Innocent people are being left thousands of pounds out of pocket and even consider pleading guilty to help reduce their legal bills, a former magistrate said today.

In charity Transform Justice’s report, Innocent but broke – rough justice?, director Penelope Gibbs asks ‘why the innocent should be financially penalised’ and whether the government should reverse a policy that, since October 2012, enables those found not guilty to recoup only a ‘small fraction’ of their costs.

The report states that the budget for recompensing people who have been found innocent or whose cases have been withdrawn fell from £89m in 2013/14 to £44.2m in 2014/15.

‘Austerity demands cuts but many perceive this particular change to be against both justice and human rights, given that it has led innocent people to be financially ruined and is a strong incentive to plead guilty.’

Nigel Evans (pictured), former deputy speaker of the House of Commons, was cleared of rape in 2014 but left £130,000 the poorer, the report says.

Former News of the World deputy editor Neil Wallis, who was charged with conspiracy to hack phones in July 2014, considered pleading guilty to reduce his legal costs.

‘[Wallis] always maintained his innocence. He was eventually acquitted in July 2015, but could not get any of [his] legal fees back since he had paid his lawyers (Tuckers) privately,’ the report says.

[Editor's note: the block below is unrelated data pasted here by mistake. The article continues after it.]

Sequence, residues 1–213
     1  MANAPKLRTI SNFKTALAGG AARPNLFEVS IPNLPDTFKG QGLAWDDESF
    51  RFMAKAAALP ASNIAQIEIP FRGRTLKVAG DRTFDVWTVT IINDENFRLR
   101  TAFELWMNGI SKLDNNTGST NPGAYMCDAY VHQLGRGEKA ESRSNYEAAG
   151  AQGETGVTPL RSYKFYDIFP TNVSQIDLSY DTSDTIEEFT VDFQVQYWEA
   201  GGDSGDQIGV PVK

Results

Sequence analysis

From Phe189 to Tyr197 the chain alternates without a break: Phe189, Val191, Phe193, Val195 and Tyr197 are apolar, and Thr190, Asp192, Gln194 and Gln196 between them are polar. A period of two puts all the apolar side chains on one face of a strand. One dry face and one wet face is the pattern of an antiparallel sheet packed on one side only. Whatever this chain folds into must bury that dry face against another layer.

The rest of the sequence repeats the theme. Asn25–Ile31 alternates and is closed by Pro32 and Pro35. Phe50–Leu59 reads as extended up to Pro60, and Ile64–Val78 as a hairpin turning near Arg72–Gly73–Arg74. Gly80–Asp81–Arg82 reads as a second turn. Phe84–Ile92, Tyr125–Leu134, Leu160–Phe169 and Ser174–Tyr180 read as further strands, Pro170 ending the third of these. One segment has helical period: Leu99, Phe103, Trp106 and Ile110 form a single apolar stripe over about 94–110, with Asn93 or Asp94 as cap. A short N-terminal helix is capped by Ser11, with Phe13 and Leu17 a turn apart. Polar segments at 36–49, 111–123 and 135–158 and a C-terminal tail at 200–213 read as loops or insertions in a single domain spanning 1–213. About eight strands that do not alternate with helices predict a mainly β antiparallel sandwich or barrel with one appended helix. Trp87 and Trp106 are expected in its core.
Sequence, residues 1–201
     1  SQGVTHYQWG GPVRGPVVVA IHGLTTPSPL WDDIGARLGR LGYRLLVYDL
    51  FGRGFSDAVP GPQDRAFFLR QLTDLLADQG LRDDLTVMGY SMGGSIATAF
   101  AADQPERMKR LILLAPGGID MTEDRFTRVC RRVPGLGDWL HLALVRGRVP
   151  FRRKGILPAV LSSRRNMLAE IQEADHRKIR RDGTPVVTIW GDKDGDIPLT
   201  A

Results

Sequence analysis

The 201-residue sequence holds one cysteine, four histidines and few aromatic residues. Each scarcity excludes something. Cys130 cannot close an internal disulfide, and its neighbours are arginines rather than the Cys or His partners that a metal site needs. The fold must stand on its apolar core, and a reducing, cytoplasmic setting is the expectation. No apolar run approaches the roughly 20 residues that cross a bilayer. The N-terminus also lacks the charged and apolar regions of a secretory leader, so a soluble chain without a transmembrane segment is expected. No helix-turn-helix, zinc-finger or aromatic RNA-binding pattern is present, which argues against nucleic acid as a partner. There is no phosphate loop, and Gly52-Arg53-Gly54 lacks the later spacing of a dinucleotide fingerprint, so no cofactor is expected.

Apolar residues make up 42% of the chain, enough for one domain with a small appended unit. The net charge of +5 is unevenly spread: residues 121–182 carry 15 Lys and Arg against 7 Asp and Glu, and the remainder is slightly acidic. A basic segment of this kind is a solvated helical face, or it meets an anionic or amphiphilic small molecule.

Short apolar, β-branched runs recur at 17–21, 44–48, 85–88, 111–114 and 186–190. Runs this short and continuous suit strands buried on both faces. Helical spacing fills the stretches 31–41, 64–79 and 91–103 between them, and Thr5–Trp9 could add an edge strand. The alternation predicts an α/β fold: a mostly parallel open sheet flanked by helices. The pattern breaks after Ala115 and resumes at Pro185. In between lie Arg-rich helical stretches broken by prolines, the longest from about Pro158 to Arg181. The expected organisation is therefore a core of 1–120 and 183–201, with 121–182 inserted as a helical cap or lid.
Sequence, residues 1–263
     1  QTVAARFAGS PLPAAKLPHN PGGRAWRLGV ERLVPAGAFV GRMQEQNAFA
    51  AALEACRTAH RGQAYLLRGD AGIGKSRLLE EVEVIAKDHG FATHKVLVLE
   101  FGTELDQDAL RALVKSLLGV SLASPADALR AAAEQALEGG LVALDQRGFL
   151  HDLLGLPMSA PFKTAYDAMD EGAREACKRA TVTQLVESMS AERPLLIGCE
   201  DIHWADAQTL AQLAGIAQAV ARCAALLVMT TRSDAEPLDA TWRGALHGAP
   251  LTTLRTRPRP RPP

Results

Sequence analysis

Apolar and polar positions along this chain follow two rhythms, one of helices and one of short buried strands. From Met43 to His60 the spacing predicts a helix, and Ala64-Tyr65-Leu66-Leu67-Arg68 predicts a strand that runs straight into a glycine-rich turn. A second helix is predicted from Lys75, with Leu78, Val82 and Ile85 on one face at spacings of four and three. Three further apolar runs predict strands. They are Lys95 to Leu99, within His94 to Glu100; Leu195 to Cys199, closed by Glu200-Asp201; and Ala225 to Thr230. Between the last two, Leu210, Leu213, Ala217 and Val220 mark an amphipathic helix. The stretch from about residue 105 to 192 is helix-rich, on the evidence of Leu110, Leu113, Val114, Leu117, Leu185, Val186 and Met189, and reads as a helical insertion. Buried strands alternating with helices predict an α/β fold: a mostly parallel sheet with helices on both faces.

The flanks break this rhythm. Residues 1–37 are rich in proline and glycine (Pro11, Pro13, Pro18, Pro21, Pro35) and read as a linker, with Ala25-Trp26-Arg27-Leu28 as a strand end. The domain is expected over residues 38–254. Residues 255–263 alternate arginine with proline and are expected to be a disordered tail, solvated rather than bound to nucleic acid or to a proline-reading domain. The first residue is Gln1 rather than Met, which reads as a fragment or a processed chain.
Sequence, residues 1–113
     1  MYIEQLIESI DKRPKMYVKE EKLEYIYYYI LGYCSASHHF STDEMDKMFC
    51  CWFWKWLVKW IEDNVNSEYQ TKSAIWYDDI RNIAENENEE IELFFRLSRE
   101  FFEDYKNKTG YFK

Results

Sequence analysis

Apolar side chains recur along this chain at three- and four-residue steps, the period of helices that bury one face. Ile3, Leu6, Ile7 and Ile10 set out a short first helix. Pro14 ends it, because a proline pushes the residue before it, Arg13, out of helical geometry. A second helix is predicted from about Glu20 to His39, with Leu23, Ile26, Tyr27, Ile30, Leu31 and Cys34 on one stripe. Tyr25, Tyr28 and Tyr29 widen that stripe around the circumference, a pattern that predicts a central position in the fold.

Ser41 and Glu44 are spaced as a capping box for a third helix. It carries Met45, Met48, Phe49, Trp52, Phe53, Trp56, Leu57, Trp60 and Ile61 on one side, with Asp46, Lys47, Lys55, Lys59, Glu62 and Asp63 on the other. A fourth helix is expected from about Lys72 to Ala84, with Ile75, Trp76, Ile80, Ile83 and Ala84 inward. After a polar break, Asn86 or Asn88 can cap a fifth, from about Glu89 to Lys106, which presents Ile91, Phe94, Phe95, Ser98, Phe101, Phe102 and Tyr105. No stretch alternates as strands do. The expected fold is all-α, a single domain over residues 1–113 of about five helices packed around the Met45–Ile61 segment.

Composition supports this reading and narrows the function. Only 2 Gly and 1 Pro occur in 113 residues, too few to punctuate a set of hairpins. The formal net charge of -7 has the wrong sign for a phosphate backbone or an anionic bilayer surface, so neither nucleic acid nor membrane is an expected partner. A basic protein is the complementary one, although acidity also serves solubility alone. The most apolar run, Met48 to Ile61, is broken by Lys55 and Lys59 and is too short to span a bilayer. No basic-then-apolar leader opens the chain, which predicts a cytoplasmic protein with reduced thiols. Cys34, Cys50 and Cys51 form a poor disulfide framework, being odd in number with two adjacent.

‘Neil always hoped that News Corp would recompense him for his legal costs, but knew that he was likely to have to pay them himself and that they would amount to a considerable sum.

‘He considered pleading guilty just for that reason – his legal costs would be less and the process quicker.’

Wallis told Gibbs he ‘weakened, but not for long’.

The report recommends the government reinstitute a system where ‘reasonable’ costs are reimbursed to defendants who are acquitted or where the prosecution is withdrawn.

The ‘simpler’ system could have an online application and a ‘transparent menu’ of costs, which may be reimbursed. A set rate could be set, depending on the kind of case.

The report also recommends abolishing the need to apply for legal aid and have it refused as a pre-condition to getting any Crown court costs back.

‘[Defendants] who know they are ineligible for legal aid can find themselves in the invidious position of tracking down a legal aid firm, just to process their application,’ Gibbs says.

Some legal aid firms had started charging people around £250 to process their applications, Gibbs was told.

Other recommendations include ensuring more private payers get their costs back when court time is wasted through no fault of the defence, and making it easier for defendants to compare solicitors’ skills and costs.